Aquaponic Gardening

A Community and Forum For Aquaponic Gardeners

So I moved into this shared living arrangement not too long ago and have brought my interest in growing food. The backyard is big and the space has a history of communal building. We have a tree house and a fish pond; both were built by residents. 

Location New Orleans LA:

  • The pond is a rectangular hole cut through concrete and aerated by a waterfall type thing. The current system has koi and some useless plant. I'm thinking about setting up some grow towers and running the pond through them.

But the real topic is way out back. What we have now:

  • a very large hole, a second tier, two hills, and a delta type thing in between the hills. OK... maybe I should take some pictures... but for now just imagine.
  • the bottom of the hole has several inches of water now. Tadpoles have sprung into life in abundance.
  • Long grass grows
  • tree saplings
  • pretty good sun
  • an alligator, about ten inches

The idea I've come up with is:

  • several ponds varying in elevation and size connected. The grow material will be dirt and the beds will be built into and irrigated by the hill/pond system.
  • How do we prevent dilution from rain water? We don't
  • How do we keep water in the system? I think a combination of liners and excavated and tamped clay. I think The system just has to be pretty efficient at catching and holding the precipitation we get.

 

Is this kind of system possible? manageable? build able? I dunno but I'm gonna find out and I thought this place might have some thoughts. 

P.S pics are promised.

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Be warned: there will be cute pictures of a puppy and a cat.

Jon Parr said:

"Very cool, TC, look forward to reading your BYAP thread..."

@lee: yeah, that would be cool. My dad is working on a medium size project at their home uptown maybe all three of us could get together.

@ john: toxicity/ pH imbalance are my first concerns about the paper mache method. The cool thing is we already have clay in the hole which is one reason why there's been several feet of standing water in there for about a month, the other being the immense amount of summer precipitation down here. I've been thinking that the ideal system will integrate compact clay in some places and plastic liner in others. I'm curious to see what the water level will be like through the winter. I feel like project of this size requires a lot of research about my space specifically, different pond methods and materials, and how living things will deal with it.

When working on permaculture design, it is important to kinda sit back and watch the site, (live with the existing place) for usually a year before you go putting too much effort in making your own changes.  It is good to see the site in all seasons and pay attention to what is already happening naturally so you can work with rather than against what is going to tend to happen anyway and hopefully be able to take advantage of the things you like and figure out the easiest, most efficient and most natural ways to change the things that won't work for you, hopefully in ways that will be easy to maintain rather than a yearly battle to fix.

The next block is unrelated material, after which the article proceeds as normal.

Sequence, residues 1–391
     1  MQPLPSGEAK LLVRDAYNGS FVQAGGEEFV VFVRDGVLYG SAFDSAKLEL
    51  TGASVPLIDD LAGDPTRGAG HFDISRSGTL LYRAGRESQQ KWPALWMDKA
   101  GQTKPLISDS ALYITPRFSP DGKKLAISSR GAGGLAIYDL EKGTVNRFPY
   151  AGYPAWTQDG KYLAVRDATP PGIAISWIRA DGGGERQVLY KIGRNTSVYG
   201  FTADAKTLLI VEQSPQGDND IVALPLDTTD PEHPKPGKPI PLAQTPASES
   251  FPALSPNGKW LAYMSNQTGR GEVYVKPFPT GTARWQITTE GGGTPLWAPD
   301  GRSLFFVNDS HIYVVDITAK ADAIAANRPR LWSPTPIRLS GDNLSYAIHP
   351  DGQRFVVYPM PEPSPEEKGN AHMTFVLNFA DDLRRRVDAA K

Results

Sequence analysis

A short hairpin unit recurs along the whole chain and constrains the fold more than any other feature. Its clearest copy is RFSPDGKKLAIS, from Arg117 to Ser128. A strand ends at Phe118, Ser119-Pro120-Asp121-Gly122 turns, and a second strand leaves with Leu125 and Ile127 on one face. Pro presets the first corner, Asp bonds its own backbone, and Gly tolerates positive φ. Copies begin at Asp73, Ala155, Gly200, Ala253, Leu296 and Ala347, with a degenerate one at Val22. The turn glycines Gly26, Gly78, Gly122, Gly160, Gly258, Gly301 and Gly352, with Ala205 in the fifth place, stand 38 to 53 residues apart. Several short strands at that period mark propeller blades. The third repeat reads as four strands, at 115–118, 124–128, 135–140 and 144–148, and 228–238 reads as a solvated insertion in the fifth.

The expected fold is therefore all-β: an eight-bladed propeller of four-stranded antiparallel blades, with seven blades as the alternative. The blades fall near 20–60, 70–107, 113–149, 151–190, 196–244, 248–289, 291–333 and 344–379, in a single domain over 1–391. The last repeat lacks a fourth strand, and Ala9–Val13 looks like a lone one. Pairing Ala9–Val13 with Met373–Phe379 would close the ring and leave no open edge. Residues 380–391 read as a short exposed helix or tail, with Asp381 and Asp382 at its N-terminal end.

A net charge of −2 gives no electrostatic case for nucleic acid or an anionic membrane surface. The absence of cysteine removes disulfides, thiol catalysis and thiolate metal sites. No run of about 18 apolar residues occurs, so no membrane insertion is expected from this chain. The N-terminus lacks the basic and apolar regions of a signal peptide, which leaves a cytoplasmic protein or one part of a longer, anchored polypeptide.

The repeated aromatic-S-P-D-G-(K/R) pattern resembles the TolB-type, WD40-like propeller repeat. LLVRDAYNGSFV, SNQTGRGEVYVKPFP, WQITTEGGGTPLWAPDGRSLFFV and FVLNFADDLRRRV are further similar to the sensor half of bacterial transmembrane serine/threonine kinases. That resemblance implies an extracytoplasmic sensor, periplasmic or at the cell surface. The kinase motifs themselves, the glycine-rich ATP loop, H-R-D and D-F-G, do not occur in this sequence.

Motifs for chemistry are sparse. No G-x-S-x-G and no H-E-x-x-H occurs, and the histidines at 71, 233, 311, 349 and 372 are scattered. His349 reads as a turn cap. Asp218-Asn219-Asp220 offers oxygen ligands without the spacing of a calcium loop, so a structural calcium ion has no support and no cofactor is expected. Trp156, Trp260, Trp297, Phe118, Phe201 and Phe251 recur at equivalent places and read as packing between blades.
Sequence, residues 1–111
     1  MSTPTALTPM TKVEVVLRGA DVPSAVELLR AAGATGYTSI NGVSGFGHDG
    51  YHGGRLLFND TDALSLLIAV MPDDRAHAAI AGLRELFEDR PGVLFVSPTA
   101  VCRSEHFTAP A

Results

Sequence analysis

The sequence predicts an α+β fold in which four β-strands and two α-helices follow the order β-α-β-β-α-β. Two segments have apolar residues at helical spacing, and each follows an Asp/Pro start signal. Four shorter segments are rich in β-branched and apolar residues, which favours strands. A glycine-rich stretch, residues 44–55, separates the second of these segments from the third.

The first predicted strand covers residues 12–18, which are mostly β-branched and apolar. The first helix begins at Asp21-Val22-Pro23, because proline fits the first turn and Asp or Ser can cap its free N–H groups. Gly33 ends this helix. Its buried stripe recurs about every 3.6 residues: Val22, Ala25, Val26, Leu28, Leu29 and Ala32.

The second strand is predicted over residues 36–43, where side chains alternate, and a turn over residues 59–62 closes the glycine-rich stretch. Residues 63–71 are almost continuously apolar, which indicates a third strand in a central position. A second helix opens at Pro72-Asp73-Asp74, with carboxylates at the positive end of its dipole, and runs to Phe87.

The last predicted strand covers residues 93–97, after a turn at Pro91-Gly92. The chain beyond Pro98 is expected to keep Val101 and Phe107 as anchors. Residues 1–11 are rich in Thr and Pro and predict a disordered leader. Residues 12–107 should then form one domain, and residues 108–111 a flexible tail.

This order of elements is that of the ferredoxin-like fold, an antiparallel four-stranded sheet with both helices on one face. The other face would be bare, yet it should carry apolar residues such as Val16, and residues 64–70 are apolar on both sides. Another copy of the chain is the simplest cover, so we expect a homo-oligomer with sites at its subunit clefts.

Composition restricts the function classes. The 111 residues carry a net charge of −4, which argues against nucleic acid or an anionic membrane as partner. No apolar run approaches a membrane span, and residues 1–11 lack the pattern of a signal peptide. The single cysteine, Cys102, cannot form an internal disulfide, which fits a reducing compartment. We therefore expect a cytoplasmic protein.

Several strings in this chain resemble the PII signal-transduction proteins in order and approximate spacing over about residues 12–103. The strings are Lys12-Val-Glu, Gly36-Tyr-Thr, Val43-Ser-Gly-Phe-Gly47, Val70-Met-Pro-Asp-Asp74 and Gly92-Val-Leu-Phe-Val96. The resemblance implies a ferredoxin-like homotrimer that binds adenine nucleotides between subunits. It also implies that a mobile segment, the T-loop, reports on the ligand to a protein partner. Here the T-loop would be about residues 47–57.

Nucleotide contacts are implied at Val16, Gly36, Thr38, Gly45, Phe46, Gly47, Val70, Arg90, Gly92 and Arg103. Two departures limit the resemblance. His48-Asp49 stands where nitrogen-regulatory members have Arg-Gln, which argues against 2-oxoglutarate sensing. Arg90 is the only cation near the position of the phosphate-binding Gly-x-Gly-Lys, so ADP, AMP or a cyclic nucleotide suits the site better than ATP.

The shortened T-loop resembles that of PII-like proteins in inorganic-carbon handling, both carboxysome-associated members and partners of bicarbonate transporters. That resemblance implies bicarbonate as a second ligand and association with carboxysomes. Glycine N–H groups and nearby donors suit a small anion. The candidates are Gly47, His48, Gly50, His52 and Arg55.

Take your time to do the research while you watch the site.  Run small scale experiments to help you in that research.

This post is more of an update than a search for knowledge, not because I don't need help, but because I feel sheepish asking for more guidance after completely disregarding the good advice I've gotten so far. All I can say is that if it were totally up to me things would be very different. 

We were contacted by an HG TV show called home strange home to do some filming here on 10/10/12. So this week Taco Tuesday turned into clean the house, fix the tree house, dig around in the hole, build up the tire wall, and lay down a bunch of tarp like material and finally one huge tarp. It's filling with water now. I am coming to grips with the peculiar realities of community projects. It's going to be a home made swimming pool for a few days and then a pond. 

We have a pretty serious pump, but I don't know how we're going to correct water conditions enough to support life.

So the bad news is that no one has any a very clear plan for transitioning this from a temporary home made pool to anything other than a huge mosquito breeding mess. The good news is that despite that the group is willing to expend large amounts of effort on this project.

So far for steps in the right direction I know we can contact mosquito control and get mosquito fish; 

set up rain water catchment; put some aquatic plants in there and see what happens.  

Op promises more pics later 

Sounds like fun, Dillon. Ponds aren't rocket science, you'll be fine. You can get fancy or keep it simple. If you plan on swimming in your pond long term, and I'm assuming an Aquaponics bed or marsh filter is not planned, then I'd at least suggest a 3" PVC pipe manifold at the bottom, covered with cobbles, and plumbed to some vertical airlift pumps to oxygenate and circulate the water. Throw in some mosquito and algae eaters, and there you go.

Would algae control additives be a good idea? Seems legit. 

Sooo..... Drunk people, or poor planning be blamed the back pond is a total train wreck. Instead pictures of my dads nascent setup. There's a turtle in the IBC, some tomatoes and little cucumbers.

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